dont you ever think - "if it's good enough, people will find it"..?

and yea - people are surely sometimes amazed by 4 or 64k intros when they can actually run them. but not when they're on tv. if something is going to be shown on tv it shouldnt need to be explained where it came from or how it's done, it should look good enough anyway.
(and most demos don't live up to that.)
added on the 2006-08-30 14:52:22 by smash smash
On one side, appreciating demos requires quite a lot of technical knowledge ( well, when it comes to show those to people who can barelly be able to do a copy/paste )

Not true if you treat demos as pieces of art instead of pieces of techical things. Some of my friends know jack shit about computers, but still love and download demos by themselves.

The sad part is that a lot of demos are just boring and very general, unimaginative chaff. Not that many demos have any real content or ideas at all, and to non-technical people, that's where it's at.
added on the 2006-08-30 14:53:27 by Preacher Preacher
just use the 'we make our own kickass software to run this crap just like *most recent famous game*' :p
dont you ever think - "if it's good enough, people will find it"..?
Perhaps you are right.

I guess demo makers get satisfaction mostly from making demos, and from showing them to equally-minded people; they aren't in need of acclaim from 100,000 laymen, are they?

It's perhaps the task of non-sceners who accidentially discover demos and fall in love with them to see to it that their passion gets shared.
added on the 2006-08-30 15:25:11 by Adok Adok
Zest: avec Jean-Michel Blottière :)

They also showed Atari demos by the way.

Speaking of which, the french channel Game One once made this Atari ST retrospective in their show "Memoire vive", for those who are interested. The quality of the video is really bad but it's still fun to watch: http://hugo-production.net/demost.rm

It even features Zappy's "Keops is (not) a lamer" screen :')
added on the 2006-08-30 15:31:16 by keops keops
I think the only demos that work on TV would be storydriven-demos or totally abstract ones... what 4k's or 64k's are really about, won't matter to the viewer on TV... but could be stated at the end of each clip ("btw, this was made in 4 kilobytes only", or something like that)....

but I wonder... would you guys WANT to reach a wider audience, or wouldn't you? I think if demos in general would be communicated as "digital art", they might indeed reach a wider audience, instead of trying to explain to everyone what a demo really is. Peopple interested will find out for themselves if they're interested in a production. Thoughts?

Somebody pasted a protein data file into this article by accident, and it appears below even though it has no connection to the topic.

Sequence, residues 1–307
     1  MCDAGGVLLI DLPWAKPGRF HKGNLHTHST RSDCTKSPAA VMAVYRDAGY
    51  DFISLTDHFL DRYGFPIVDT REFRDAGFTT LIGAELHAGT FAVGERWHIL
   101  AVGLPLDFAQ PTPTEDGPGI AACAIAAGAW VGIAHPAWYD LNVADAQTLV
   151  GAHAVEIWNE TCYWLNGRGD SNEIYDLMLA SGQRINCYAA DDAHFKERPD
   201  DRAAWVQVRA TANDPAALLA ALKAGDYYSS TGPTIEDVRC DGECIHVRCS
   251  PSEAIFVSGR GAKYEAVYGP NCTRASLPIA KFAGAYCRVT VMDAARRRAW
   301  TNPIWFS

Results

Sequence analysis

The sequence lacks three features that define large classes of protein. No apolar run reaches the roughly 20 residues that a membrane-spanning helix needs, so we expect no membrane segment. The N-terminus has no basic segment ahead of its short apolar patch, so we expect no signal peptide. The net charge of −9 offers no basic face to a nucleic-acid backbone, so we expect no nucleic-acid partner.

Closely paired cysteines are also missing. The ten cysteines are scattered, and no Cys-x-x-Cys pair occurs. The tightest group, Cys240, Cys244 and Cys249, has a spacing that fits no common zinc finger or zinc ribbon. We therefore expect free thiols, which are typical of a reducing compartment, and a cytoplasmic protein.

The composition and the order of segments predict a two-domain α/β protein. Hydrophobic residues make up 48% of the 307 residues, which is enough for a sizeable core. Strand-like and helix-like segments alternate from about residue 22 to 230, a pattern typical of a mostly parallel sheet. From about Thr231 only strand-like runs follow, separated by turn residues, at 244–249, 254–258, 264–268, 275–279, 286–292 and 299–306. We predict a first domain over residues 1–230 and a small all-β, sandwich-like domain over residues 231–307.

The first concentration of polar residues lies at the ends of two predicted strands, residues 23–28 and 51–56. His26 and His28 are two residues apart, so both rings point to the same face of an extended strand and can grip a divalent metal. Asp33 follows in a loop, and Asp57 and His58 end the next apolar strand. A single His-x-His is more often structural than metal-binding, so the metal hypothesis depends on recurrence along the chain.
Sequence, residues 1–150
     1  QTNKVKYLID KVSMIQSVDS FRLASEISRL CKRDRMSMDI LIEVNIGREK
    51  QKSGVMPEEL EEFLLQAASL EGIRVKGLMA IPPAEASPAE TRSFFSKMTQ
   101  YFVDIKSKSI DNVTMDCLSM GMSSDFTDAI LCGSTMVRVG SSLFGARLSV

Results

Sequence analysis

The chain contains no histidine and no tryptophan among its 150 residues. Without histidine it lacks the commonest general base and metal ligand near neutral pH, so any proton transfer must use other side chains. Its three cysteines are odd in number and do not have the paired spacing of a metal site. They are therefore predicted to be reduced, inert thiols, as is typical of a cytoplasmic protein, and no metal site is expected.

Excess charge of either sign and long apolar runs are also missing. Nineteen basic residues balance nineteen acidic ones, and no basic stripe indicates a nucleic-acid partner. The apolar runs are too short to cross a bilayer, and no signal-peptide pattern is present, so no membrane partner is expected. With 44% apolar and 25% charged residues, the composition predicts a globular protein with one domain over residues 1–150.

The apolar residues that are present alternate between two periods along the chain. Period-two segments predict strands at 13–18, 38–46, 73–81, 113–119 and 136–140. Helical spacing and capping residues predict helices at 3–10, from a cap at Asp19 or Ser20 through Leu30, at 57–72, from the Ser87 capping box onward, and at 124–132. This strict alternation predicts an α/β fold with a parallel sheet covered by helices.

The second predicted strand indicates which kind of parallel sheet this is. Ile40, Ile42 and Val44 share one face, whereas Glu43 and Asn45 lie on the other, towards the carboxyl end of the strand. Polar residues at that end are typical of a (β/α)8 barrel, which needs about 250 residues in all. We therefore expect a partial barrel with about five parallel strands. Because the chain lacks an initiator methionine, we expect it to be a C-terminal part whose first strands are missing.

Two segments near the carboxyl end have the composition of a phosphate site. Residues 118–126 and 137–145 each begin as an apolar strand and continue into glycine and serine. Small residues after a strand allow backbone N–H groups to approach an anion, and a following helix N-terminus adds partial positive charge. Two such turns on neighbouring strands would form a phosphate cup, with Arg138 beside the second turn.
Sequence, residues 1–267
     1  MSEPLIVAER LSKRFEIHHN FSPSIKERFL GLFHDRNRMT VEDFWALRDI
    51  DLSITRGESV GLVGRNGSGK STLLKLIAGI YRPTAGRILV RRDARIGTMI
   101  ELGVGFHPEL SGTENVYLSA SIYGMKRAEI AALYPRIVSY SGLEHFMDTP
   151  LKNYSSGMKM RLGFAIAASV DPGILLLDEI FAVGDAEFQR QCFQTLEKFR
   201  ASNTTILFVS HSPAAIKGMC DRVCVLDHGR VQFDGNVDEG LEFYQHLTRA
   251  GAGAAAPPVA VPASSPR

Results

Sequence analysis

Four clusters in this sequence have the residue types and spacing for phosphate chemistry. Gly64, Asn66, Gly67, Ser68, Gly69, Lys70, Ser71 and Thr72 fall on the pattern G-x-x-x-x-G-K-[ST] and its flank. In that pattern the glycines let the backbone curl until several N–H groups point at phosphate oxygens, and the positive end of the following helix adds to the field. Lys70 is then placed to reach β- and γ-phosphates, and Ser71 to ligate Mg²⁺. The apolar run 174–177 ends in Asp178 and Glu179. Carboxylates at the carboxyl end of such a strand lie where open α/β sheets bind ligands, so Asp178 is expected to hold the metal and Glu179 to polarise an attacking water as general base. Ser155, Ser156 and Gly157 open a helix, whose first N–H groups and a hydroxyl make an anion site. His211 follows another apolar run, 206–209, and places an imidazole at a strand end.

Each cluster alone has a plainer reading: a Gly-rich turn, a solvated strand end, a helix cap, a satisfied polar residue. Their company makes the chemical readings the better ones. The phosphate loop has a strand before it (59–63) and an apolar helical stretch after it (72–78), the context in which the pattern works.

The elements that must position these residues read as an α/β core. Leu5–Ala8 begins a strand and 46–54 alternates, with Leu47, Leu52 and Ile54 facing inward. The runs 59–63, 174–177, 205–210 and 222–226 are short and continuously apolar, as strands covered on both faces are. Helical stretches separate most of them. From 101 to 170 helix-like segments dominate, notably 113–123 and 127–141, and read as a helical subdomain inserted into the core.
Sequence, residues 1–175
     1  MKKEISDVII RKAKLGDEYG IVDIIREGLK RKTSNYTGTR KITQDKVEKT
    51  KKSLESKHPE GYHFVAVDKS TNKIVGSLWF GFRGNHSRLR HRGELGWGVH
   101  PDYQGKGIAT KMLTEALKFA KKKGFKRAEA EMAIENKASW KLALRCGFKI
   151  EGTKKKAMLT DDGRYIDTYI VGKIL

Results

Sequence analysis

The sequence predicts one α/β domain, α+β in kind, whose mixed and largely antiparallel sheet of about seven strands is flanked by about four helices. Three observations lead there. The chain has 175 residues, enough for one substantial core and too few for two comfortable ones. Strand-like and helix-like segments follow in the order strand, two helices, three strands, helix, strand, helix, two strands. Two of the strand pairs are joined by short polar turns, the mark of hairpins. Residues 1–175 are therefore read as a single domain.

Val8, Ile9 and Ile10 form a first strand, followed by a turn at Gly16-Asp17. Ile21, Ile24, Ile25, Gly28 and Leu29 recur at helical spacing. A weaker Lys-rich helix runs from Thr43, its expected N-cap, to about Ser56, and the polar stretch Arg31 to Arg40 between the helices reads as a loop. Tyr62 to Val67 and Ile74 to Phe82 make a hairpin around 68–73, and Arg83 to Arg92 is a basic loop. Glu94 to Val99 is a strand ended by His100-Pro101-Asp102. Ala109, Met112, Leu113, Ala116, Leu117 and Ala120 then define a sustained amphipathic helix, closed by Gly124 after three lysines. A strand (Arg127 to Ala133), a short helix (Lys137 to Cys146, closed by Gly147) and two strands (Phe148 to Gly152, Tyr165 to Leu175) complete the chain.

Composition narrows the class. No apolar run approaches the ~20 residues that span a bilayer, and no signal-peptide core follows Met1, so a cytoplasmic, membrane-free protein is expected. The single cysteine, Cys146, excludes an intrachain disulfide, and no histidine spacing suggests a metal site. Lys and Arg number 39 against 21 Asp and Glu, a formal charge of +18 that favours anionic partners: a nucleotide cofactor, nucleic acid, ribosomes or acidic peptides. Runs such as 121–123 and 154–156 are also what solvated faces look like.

added on the 2006-08-30 15:36:49 by Axel Axel
Perhaps it would be useful to link demos to a larger context, such as hobbyist computer animations or some postmodern video/media art rather than presenting demos as something totally unique.
I agree, demos are digital art. I also think that totally abstract stuff could reach a much higher audience than everyone could expect, and i'm leaning towards trying to make a business out of it. just projects.
added on the 2006-08-30 15:48:32 by nystep nystep
also.. in order to achieve spreading the word towards media and art festivals about "demos", it would be required to have a central point of contact... like a "PR person"... and a general website that isn't too technical about demos, where media can be informed.

Dunno what the gain of this would be, but it surely might be an interesting challenge. :) something like a "sceners union", where groups can be a member of.. and if they're a member, the "union" is allowed to take its productions to media, show them, etc.. or I dunno... sorry, just thinking out loud.
added on the 2006-08-30 16:01:33 by Axel Axel
In my opinion size and platform doesn't matter. A good demo is always a good demo, and a good intro is always a good intro. The major problem whould be the demo/intro length (For example: some (stupid) people don't like chiptune that much).
I've just imagined a very rich demoparty showing it's Invtros as advertising on TV. Would be funny.
added on the 2006-08-30 16:18:37 by xernobyl xernobyl